What Is Gray Divorce?
Gray divorce or silver splinter is a term referring to the demographic trend of an increasing divorce rate for older “gray-haired couples” in long lasting marriages.
Gray divorce issues
According to Forbes Magazine, “Gray Divorce: Its Reasons and Implications” published in 2019, the social stigma surrounding divorce has gradually diminished over the years, but has not led to an overall increase in divorce, except among people over the age of 50. Some of the circumstances that have been highlighted as a cause or negatively impacting the success of long-term marriages that may contribute to the increase in divorce among people in this age bracket include financial management, growing apart, infidelity, better health and life expectancy rates, and addictions.
While gray divorce trends have been documented dating back to the early 1980s it was not until 2004 that this age demographic of divorces was labeled as such. In a 2004 study titled, “The Divorce Experience: A Study of Divorce at Midlife and Beyond,” AARP created public awareness about gray divorce. This concept was further expanded upon in Deirdre Bairs 2007 book titled, “Calling it Quits” which contains interviews with older couples divorcing.
Gray Divorce Statistics
According to the AARP study:
66% of females initiated divorces later in life, which contrasted with 41% of male participants initiating divorce.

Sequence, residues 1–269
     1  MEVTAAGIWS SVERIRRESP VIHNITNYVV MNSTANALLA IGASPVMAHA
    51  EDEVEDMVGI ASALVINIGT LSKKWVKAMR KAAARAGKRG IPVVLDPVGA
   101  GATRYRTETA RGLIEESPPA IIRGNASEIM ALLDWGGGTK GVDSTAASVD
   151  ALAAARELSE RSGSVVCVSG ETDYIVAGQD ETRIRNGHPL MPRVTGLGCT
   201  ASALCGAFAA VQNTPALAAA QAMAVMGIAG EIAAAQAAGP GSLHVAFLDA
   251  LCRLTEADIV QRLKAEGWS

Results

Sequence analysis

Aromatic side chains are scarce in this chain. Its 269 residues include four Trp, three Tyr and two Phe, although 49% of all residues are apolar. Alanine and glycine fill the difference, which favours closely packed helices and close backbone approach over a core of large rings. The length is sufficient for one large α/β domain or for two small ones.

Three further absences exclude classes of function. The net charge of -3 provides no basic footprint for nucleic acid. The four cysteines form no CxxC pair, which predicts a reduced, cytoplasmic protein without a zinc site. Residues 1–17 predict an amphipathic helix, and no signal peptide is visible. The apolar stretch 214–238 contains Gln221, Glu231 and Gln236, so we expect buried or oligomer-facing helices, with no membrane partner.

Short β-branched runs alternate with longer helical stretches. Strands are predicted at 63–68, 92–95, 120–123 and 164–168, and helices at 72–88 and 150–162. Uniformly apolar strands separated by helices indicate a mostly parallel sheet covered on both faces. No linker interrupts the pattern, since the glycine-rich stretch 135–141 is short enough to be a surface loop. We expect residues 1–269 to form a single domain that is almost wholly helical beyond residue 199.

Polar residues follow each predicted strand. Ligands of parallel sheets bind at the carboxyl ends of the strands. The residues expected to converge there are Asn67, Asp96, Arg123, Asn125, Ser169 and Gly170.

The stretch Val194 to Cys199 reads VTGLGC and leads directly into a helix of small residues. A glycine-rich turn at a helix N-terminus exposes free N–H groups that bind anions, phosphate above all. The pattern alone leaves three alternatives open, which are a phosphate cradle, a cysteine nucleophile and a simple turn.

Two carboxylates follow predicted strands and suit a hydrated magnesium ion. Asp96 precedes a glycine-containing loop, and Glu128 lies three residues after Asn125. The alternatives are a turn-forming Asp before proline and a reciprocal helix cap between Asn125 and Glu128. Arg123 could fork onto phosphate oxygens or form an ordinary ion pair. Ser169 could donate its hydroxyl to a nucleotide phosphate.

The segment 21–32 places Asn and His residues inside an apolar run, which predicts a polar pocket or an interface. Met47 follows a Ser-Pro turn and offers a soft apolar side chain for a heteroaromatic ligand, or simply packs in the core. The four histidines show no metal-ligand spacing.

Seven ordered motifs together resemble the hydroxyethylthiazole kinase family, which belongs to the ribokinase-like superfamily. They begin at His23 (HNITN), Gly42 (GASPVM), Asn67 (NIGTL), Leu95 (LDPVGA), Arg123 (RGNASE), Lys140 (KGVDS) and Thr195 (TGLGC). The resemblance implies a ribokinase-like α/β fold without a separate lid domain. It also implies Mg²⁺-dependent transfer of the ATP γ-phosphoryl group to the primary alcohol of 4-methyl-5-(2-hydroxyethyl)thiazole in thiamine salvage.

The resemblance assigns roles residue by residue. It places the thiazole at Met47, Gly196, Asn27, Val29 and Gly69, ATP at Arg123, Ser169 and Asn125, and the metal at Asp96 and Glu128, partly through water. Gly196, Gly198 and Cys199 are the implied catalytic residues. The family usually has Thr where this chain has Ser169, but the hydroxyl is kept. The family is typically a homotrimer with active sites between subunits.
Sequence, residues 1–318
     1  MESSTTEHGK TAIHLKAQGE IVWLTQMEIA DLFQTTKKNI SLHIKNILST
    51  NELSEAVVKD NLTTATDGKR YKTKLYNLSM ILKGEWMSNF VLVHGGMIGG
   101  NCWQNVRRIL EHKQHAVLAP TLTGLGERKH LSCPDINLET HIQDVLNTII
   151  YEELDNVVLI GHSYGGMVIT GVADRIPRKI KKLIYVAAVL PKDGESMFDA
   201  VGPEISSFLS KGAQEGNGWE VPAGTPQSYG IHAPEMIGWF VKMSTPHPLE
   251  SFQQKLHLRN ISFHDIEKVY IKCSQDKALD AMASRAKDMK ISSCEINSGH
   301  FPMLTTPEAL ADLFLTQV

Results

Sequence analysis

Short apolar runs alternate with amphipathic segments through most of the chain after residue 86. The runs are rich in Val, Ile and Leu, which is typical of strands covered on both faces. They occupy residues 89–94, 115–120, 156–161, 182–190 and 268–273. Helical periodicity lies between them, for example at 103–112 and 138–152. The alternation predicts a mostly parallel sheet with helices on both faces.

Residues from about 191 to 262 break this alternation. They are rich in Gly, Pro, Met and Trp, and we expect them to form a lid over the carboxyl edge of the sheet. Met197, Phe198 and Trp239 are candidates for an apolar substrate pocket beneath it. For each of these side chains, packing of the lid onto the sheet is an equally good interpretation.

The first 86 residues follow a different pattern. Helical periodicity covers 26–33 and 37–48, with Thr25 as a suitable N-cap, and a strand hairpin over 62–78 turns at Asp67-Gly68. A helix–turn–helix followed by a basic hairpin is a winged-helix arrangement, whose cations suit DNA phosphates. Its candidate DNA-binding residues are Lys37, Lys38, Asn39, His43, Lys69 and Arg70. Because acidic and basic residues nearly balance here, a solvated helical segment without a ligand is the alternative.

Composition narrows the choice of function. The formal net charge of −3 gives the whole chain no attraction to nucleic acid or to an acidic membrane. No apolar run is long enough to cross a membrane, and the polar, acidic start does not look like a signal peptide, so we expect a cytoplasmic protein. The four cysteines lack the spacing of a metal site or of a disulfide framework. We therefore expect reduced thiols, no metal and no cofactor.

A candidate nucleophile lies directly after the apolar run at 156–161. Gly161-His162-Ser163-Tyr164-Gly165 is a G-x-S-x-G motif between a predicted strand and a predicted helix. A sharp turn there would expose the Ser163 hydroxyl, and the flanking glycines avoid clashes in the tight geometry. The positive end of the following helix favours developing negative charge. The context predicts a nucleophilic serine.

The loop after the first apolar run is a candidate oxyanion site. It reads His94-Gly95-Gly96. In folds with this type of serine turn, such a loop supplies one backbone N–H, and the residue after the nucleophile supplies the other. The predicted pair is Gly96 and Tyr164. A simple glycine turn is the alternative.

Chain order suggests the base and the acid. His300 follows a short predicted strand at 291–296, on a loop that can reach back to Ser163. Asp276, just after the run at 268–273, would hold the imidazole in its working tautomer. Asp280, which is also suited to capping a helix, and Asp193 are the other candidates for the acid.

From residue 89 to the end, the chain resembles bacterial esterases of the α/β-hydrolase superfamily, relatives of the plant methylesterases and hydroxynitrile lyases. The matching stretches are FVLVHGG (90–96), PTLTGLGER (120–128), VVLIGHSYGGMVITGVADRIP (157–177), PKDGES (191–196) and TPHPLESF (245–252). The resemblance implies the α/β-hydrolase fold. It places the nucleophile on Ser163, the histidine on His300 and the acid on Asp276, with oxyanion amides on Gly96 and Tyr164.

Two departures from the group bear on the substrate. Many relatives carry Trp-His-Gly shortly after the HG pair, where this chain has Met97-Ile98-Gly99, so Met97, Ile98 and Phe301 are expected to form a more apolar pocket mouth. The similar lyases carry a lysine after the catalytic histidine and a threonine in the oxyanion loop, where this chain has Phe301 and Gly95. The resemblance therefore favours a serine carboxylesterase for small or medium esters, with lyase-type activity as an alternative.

73% of participants divorced in their 40s
22% of participants divorced in their 50s and
4% of participants divorced in their 60s or later.
Preparing for life after a gray divorce
Divorcing after 50 can be daunting particularly when married couples plan to grow old together. Planning for later phases in life can be difficult and overwhelming as people age and need to contend with retirement and potential health issues. Planning for a single future can be very different from what you have envisioned for yourself. Factors to consider when divorcing at this phase of life, include retirement planning, senior living needs and financial planning.
It is important to meet with a financial advisor to create a new retirement plan for your future. Divorce will likely result in the distribution of retirement accounts, and perhaps include provisions for Social Security income. It is important that you understand how the distribution of these retirement assets will impact you going forward.
Senior living needs: Now that you will be unmarried it is important for you to give some thought to how you will obtain the care that you need as you age. A long-term care specialist along with seeking out an elder law attorney in your area can be another professional source for you as you assess your options.
Your financial budget: You may not be able to remain in the marital home after your divorce and even if you do your monthly budget will change. Your attorney can discuss gray divorce alimony and how it may impact you. Planning a budget that will meet your current needs is an integral part of working through your divorce.
Divorce lawyers for seniors
DeTorres & DeGeorge is always prepared to provide compassionate representation. Contact us today to discuss your gray divorce so that you can successfully plan for your life going forward.